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Panama to receive reduced first batch of Pfizer vaccines

Panama on Wednesday will receive its first 12,840 doses of Pfizer’s vaccine against Covid-19, a much smaller shipment than expected, due to an announced global delay in deliveries from the laboratory.

“The batch will arrive by plane on Wednesday 20 at 02:00 (07:00 GMT) to the Tocumen International Airport,” the Health Ministry said Tuesday in a statement.

According to the note, Pfizer notified Panama on Monday that there will be 12,840 doses of vaccines in this first shipment and not the 40,000 that, according to the Panamanian government, the multinational had initially promised to deliver before January 25.

The Panamanian government says that Pfizer has assured that the lower shipment is due to changes to its production plant, which will temporarily limit supply to Europe and Latin American countries.

“Pfizer reported that on February 15 of this year, when they resume production, shipments will be accelerated so that the 450,000 doses agreed to for Panama are received in the first quarter of 2021,” the statement added.

Panama expects to receive 3 million doses of the vaccine in a phased manner from the Pfizer / BioNtech laboratory as part of a $36 million contract.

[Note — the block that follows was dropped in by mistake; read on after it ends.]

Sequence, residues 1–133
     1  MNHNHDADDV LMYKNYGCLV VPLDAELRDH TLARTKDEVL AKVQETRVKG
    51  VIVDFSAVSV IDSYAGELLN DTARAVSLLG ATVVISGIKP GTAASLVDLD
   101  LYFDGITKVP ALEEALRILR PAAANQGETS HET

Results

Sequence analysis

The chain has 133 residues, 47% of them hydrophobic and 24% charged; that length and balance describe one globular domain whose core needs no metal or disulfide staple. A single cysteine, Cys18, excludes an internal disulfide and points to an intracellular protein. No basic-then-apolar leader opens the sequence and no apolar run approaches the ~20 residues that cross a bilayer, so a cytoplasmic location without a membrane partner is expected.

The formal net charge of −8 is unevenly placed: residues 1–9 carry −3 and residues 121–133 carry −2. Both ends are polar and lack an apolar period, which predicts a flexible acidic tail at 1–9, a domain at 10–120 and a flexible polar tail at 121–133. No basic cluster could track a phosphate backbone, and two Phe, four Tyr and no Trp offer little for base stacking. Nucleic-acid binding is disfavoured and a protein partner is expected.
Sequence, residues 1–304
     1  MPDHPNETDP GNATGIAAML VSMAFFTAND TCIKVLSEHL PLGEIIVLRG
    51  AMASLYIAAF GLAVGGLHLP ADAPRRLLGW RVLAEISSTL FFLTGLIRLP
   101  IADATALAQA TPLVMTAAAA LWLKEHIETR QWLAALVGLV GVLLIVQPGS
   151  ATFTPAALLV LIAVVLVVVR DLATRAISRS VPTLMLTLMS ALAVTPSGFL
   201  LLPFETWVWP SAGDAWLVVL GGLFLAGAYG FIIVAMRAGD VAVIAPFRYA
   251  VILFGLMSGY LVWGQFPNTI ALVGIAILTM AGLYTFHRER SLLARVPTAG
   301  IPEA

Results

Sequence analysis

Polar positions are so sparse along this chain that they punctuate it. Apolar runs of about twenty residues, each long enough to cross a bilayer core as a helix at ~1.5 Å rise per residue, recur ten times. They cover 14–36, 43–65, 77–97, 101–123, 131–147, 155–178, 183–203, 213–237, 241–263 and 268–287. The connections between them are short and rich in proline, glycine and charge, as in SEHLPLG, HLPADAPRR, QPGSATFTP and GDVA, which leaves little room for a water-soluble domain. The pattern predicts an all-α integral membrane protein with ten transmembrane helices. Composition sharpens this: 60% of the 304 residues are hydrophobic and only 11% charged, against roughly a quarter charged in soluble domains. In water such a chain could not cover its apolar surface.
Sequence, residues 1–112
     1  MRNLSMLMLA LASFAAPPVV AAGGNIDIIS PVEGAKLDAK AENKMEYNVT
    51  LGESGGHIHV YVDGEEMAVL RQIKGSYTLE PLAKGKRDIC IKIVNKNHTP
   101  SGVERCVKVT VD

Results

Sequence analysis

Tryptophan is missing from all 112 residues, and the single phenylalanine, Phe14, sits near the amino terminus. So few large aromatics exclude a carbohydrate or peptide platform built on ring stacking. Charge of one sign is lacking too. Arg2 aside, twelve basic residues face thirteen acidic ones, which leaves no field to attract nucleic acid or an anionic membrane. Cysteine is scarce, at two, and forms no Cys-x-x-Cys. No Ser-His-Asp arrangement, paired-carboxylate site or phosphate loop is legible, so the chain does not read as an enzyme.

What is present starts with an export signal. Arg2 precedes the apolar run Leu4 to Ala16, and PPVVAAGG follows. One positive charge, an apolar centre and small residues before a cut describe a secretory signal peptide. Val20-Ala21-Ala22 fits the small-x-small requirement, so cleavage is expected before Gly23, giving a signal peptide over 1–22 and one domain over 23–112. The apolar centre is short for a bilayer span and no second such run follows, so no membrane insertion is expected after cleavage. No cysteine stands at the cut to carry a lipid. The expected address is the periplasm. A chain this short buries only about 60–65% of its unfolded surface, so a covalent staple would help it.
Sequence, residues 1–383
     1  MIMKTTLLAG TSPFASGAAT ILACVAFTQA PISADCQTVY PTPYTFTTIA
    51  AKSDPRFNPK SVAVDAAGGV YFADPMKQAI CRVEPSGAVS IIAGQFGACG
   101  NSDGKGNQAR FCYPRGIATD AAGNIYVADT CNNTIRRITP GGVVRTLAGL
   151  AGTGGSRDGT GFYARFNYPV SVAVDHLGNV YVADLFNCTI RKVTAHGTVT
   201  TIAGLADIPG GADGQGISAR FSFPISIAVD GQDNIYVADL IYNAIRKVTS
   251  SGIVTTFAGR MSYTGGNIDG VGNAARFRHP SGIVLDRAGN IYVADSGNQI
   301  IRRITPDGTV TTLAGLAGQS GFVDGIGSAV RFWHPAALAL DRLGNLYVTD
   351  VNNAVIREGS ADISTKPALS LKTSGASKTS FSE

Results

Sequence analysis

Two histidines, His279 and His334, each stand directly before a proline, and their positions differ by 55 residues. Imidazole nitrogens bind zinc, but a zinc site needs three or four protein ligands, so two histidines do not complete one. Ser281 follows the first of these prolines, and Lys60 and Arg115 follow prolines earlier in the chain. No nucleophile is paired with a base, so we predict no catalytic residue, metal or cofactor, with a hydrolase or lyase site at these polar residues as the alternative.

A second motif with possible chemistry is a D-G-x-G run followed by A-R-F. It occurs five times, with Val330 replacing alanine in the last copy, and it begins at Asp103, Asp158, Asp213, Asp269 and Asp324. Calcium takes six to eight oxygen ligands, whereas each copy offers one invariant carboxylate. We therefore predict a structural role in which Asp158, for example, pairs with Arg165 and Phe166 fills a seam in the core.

With its arrival, Panama will become the second country in Central America — after Costa Rica — to receive a vaccine against the coronavirus.

In total, it expects to receive 5.5 million doses from three different laboratories, for which it will pay $55 million.

Panama, with 4.2 million inhabitants, has the highest number of COVID-19 infections in Central America, with almost 300,000 accumulated cases and 4,828 deaths.

The country is in the midst of a spike of infections and deaths. The situation has caused the government to consider renting refrigerated containers in which to store the dead in the face of saturated morgues and hospitals.

Authorities have also had to activate different infrastructure, such as opening an unfinished hospital, installing field hospitals and hiring Cuban doctors to care for the sick.


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